1989 Yugo GVL: Fix It Again
by Josh Sadlier, Senior Editor on December 4, 2015
"We need a new update on the Yugo. What's going on with it?" - @daryleason, 11/16/15
Odometer fixed? Not anymore; we've hit a full stop at 41,838. Kinda makes me wonder if I imagined that it was working in the first place. Speedometer fixed? On further review, the needle does seem less spastic, but there's still a comical margin of error. At least the interior passenger door panel's still clipped on tight, and I have no reason to doubt that the gas tank remains sludge-free and appreciates its nice new filler hose.
But a fresh problem reared its head as soon as I twisted the key. The Italian stallion under the hood was raging, and I couldn't calm it down.
Basically, it sounded like the throttle was stuck wide open, although there's no tachometer to corroborate that. We've encountered a sticky throttle in the past, but the remedy ? pumping the gas pedal ? had no effect this time. Lacking better ideas (like shutting it off, perhaps), I shifted into first and let out the clutch, which simultaneously solved the revving problem and launched the car rather abruptly from its parking space.
As I wound through the garage, keeping it in first, all my right foot had to do was work the brake. Leave it to Yugo to introduce an autonomous throttle to the subcompact segment.
The engine warmed up before too long, and that brought the idle down to something reasonable, making neutral a friendlier place to be and my drive home considerably less interesting. But this aggression clearly would not stand, and just as clearly, we weren't going to drive the thing an hour south to see the Yugo Doctor.
When I got to the office the next morning, having gone through the same harrowing warm-up procedure starting at my place, I located a carburetor guy 1.5 miles away and made an appointment.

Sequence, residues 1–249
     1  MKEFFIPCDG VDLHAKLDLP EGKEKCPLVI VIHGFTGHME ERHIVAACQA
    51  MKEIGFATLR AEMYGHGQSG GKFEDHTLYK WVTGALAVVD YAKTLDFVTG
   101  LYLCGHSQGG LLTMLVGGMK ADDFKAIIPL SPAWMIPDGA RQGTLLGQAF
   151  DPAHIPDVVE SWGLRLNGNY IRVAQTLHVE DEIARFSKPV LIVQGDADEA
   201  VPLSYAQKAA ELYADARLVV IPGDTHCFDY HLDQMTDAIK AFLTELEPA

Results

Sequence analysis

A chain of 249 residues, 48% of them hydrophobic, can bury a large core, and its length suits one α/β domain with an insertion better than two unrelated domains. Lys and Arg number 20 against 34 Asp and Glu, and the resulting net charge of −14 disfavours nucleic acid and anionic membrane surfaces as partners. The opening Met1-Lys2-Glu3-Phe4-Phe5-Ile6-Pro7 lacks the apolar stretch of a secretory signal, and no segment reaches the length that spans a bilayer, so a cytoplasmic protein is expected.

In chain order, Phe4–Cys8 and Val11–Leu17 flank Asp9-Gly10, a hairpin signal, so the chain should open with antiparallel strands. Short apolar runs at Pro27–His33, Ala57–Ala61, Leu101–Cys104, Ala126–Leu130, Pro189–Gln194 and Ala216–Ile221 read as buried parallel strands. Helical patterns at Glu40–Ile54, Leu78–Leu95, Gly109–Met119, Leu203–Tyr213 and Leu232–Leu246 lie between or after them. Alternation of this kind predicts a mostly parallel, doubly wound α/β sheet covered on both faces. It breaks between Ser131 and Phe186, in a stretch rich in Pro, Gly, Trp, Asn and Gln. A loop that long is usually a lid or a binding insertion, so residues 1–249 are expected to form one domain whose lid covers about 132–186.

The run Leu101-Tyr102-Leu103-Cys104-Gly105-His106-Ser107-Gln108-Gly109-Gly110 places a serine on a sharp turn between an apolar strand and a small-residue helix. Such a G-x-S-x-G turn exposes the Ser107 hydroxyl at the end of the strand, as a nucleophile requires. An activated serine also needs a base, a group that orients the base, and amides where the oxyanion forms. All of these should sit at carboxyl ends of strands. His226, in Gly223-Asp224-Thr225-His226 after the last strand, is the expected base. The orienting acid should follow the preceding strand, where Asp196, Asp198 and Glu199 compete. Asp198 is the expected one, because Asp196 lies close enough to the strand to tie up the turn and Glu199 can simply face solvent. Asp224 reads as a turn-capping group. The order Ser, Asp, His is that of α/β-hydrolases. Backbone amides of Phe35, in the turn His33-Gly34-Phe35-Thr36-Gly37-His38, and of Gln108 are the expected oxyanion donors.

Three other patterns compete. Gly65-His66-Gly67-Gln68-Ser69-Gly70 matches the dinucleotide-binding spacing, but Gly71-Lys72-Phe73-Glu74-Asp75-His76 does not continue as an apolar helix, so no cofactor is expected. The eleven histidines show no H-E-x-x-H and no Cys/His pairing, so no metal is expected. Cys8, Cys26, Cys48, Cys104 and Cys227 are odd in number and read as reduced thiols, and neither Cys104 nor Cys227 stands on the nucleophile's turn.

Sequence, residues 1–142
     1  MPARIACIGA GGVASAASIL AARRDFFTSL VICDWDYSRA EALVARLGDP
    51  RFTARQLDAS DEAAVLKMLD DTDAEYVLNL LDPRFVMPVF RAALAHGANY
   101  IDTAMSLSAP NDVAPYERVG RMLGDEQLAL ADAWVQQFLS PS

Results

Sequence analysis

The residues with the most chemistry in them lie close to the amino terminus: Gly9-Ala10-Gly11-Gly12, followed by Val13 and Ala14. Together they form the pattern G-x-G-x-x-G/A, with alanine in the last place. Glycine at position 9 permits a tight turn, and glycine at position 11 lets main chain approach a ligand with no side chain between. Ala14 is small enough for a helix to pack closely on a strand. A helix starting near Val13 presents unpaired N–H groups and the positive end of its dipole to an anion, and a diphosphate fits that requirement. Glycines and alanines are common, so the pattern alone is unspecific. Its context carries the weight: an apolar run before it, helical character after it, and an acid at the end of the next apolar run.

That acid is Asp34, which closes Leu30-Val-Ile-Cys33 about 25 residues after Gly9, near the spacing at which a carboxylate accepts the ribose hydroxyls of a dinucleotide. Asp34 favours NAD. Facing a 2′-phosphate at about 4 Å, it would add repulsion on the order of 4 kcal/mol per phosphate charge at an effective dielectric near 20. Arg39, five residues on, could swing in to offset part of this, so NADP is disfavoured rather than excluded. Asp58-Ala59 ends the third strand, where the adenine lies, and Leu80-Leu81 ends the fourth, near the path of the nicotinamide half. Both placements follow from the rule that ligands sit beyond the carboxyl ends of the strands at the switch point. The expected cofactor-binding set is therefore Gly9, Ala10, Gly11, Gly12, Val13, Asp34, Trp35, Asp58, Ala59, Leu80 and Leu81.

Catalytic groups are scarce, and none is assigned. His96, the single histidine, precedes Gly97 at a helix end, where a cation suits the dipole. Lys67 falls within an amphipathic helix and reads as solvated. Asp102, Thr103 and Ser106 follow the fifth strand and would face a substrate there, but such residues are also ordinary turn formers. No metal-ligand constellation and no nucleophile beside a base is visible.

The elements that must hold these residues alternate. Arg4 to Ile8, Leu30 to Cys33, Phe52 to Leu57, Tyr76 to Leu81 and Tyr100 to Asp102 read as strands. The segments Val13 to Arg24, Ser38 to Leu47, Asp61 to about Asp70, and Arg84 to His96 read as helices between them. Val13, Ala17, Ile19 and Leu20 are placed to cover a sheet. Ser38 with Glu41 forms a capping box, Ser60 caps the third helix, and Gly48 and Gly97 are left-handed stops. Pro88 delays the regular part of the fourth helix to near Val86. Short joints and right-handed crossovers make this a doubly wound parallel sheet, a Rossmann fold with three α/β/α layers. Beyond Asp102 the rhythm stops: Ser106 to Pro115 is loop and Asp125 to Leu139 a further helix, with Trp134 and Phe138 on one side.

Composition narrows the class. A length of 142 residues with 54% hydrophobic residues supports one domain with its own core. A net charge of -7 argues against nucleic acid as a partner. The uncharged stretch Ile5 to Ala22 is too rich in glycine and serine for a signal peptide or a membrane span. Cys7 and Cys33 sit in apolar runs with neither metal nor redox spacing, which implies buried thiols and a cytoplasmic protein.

His name was Tony. Because of course it was.
The engine was warm and thus behaving relatively well when I got to Tony's garage, but he immediately noticed that fuel was dripping from one of the Venturis.
"The carb is over-float," he explained. I wasn't sure what that meant, but I could see that fuel was indeed dripping in there. He said he needed to rebuild the carburetor, bringing us full-circle to our original plan back in August.
I'll always appreciate the Yugo Doctor for creatively resolving the chronic stalling issue in time for our triumph in Monterey, but would a rebuilt carb have been an equally effective and more lasting solution? How much of the other stuff that he did was really necessary? Wonder amongst yourselves. I still say winning takes care of everything.
In any case, Tony assured me he'd get the car running right, and he meant it. The idle is properly low and astonishingly stable, even on a cold start, with a faint yet insistent throb that leaves no doubt as to the Italian pedigree. I'm calling it officially Fixed Again. Now I just need to notify Editor Romans, our man in Fresno, who's been itching to take the Yugo for an extended loan.
Repair cost: $439
Time out of service: 2 days
Total maintenance costs divided by purchase price: Math still in progress, but almost certainly an Edmunds record.
Josh Sadlier, Senior Editor @ 41,838 miles